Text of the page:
Because these networks involve simultaneous flows of feedback between parts in each instant, and changes in inputs and out puts from one moment to the next, their activity cannot be reduced to any specific, progressive sequence. Yet the effects of feedback networks can become evident as the overall behavior of a system that emerges from them, like an ecosystem or a social group. However, exactly how that behavior is being created often cannot be understood in linear mechanical terms. Thus it is termed an emergent property because it emerges from interactivity in ways that cannot be fully examined, explained, or predicted.
A specific system emerges
But the simultaneous, self-modifying feedback interdependencies cannot be fully analyzed
System Emergence is On-Going
The organization of systems is not simply a transition from disorderly to orderly relationships. It is a dynamic transformation within feedback networks that must continue if the emergent system to persist.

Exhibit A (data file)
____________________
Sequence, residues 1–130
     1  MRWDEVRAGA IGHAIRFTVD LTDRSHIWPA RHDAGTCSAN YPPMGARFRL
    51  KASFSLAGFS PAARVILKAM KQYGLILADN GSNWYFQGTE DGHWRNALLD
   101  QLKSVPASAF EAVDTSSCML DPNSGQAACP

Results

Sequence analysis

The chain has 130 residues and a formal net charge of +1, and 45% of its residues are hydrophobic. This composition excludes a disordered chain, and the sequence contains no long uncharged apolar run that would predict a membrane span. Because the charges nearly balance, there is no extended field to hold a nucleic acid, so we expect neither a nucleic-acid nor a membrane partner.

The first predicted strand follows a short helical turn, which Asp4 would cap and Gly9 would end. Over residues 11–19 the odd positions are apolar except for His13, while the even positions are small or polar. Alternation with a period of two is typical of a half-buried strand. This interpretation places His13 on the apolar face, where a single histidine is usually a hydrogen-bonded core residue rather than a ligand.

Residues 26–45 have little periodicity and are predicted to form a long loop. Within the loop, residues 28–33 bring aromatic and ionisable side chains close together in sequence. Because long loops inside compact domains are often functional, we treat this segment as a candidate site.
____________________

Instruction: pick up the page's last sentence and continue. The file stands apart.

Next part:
Many actions interact, from which emerge a system of on-going self-organizing feedback relationships:
The Emergence of System Self-Organization as Network Agency
Most importantly, self-organizing feedback networks can not only give a system the 'wholeness' of a particular formation, but serve to sustain that formation with considerable consistency over time. Such a feedback network can even adapt its system to changes in its environment in ways that enable the system to persist. This self-organizing activity is an emergent property that produces what are termed complex adaptive systems, or CAS. Such systems effectively manifest autonomous agency--or the capacity to act selectively to direct and adapt their operations in ways that preserve themselves 'into the future.' That capacity can be termed "network agency."
Interaction between parts can lead to self-organizing feedback networks
from which the self-directing agency of a CAS can in turn emerge:
Wholes emerge from interacting parts
A system has self-directing agency
An Emergent World of Self-Organization